Friday, February 1, 2013

Meet Leo, in blue, and Sebastian in the red shirt. Loved that they had their own tiny table and chairs in the kitchen.

I was visiting in Arkansas recently and stayed with some friends I roomed with a couple of years ago in Tegucigalpa, Honduras. Matt and Cortneigh lived full time in Tegucigalpa.  I would fly in to work with a fledgling media group, two weeks every month over a span of 18 months and I would stay with them. They generously shared their home and, most importantly, we shared and adored Juanita, our maid, who was very much a part of the family. Time passed. The project ended. We all moved on.

Matt and Cortneigh moved to Arkansas and added two sons to their family. Cortneigh, an elementary teacher, eventually launched a pre-k program for the KIPP schools in Helena, where Matt is Director of Operations. I left Honduras and continued my international media management consulting which took me to several countries in Africa; Tajikistan; Iraq; Yemen and Guatemala.  As offers became more localized in the middle East, where war and riots reign, I began substitute teaching, working as a consultant for a local school system and finding work on projects which would allow me to remain close to home. Our daughter was ill and this allowed me to help Heidi and her family, as she recovered from her seizures and accident.

I was tickled when Matt called one day recently to see if I might be interested in checking out the situation in Helena at his schools. The “situation” was defined openly. I was to take a look, ask questions, listen, observe and make some observations and recommendations for improving the schools’ efficiency and effectiveness. He wanted me to think like I had in Honduras. No evaluations, just observations and lots of digging to see what the opportunities are.

 Having been in our area schools, I was most interested, indeed. My son-in-law teaches high school math and has told me over the past few years how much kids, the environment, and the level of parental involvement have changed schools. Working as a trainer has been my passion and I have been blessed to be able to train wherever and in whatever I have been doing…whether in schools, at a newspaper or as a consultant. Figuring out what is needed and then, trying to come up with solutions to whatever issues are presented has been a treat.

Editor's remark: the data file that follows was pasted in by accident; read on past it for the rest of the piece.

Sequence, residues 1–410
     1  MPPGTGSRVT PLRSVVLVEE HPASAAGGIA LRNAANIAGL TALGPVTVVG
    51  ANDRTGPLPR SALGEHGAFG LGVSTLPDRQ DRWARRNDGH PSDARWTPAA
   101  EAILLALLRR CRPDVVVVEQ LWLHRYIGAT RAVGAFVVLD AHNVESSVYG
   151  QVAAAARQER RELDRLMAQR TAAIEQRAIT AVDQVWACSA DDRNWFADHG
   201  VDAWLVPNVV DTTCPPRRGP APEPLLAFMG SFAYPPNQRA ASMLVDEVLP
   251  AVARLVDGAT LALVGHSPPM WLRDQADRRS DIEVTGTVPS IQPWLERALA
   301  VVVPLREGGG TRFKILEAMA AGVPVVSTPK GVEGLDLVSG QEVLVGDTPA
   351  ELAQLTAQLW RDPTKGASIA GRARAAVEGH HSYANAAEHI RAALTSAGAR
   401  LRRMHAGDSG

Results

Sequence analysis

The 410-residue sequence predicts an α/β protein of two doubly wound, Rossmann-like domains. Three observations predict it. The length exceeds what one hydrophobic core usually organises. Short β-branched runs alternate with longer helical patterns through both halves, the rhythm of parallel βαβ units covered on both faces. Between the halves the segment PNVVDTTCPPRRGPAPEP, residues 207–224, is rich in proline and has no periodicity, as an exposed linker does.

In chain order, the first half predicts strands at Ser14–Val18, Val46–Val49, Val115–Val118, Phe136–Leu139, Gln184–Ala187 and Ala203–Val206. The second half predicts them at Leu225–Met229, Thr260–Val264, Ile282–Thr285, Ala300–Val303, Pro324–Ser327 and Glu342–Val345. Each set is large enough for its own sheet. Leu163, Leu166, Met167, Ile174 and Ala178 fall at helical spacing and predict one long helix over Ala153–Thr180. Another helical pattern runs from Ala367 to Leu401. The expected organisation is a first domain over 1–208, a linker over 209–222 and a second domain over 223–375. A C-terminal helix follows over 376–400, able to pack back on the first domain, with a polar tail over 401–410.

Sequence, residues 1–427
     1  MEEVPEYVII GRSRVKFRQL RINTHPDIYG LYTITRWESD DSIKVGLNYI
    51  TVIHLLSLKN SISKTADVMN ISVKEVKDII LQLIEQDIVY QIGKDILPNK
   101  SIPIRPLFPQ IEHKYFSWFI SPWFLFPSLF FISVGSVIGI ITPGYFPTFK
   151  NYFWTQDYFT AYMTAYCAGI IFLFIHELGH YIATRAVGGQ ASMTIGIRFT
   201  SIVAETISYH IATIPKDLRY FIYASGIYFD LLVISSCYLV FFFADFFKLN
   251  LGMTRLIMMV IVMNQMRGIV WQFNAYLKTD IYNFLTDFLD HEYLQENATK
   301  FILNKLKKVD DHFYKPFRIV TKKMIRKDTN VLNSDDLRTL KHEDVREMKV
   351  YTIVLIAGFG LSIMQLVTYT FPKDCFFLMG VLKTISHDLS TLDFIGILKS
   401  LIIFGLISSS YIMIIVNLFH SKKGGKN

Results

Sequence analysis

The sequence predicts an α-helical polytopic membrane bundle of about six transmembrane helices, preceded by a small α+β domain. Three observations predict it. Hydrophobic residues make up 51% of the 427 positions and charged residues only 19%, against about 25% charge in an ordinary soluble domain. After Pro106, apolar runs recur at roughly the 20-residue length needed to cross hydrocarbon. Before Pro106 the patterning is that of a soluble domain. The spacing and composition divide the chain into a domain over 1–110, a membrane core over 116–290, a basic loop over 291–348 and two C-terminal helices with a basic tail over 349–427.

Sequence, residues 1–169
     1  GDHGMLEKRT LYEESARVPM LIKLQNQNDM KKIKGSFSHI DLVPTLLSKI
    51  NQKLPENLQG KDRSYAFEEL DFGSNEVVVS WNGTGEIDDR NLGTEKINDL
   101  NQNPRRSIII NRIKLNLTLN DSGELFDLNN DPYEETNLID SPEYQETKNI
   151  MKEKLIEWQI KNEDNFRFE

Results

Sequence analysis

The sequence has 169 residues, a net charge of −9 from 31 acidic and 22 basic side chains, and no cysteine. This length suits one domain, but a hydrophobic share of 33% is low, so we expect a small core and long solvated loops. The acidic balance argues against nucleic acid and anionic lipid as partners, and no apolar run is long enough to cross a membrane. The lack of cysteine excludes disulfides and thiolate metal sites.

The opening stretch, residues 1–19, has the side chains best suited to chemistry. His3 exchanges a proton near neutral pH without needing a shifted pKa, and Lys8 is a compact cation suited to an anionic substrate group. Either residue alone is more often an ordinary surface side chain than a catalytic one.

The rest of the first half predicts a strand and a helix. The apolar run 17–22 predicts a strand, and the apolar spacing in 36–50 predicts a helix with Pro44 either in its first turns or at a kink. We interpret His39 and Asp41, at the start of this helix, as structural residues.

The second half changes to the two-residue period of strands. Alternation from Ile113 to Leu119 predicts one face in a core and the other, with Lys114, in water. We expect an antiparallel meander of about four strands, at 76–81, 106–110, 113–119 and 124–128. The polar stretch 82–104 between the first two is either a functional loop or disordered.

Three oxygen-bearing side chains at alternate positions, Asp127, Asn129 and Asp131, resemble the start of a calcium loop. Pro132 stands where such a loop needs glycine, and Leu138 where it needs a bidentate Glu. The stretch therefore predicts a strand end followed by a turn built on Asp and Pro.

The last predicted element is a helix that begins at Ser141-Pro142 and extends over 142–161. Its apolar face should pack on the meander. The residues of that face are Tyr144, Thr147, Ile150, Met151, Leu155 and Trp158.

Arkansas was no different. Helena is a rural, agricultural and poverty stricken area. KIPP schools are known for their ability to raise the standards, performance and abilities of youth in inner cities or rural areas of our country. I saw passionate young teachers and worn out administrators who were working more than 70 hour work weeks trying to meet the academic and social needs of their students. Support staffs were also working tough work weeks trying to support the faculty and the families they serve.

I was invited to stay with Matt, Cort and the boys at their home and that seemed so much more fun than staying in a local B&B. This meant more work for Cort, because she doesn’t have a Juanita anymore. We spoke of Juanita several times and how much we both missed coming back to the US and not having a Juanita to help cook, wash and clean for us. We were spoiled…just a bit! We both agreed that we love our homes, love cooking our own meals and being in charge.

Quickly, Matt remembered how important huge amounts of early morning strong coffee are to me. I was quickly reminded that though Matt gets up early (not MY early but earlier than most arise) he is not fit for human consumption until well after he has showered, eaten, had coffee and truly awakened. We re-learned living together; but, it was complicated by having two young boys thrown into the mix.

I am older and with grey hair; so, the boys thought I was, “Nene.” Grandma I have been and could be. So, when they called, “Nene,” I responded with a smile on my face.  We played together. Sebastian shared his cars with me and even told me I could take a couple home. I thought about that and decided to leave my favorites there with them so that I could play with them when I return. Leo, younger, was a bit unsure, but quietly settled into hugging my legs and sitting on my lap.

Our Kristin and her husband, Pat, have a three year old; so, I am comfy with little people, although I must admit, I do enjoy children more when they are completely potty trained and able to express themselves fluently using words. Leo and Sebastian were very verbal which helped considerably.  Busy parents made me welcome, and reminded me of the fun we had working together earlier in a tough environment. To be invited into the next stage of their lives was super special. Sharing their lives, seeing them grow into their new roles and being so happy together makes me smile and reminded me how special it was that a young couple was able to tolerate someone twice their age hopping into their lives every couple of weeks!

 I still miss Honduras and the friends I made there. Facebook and email make it possible to stay connected. Typing, or talking via Skype is just NOT the same. Maybe it is time for a side trip to Tegus… just one more time!
And here are the smiling Colburn family. So happy to have shared time with them.

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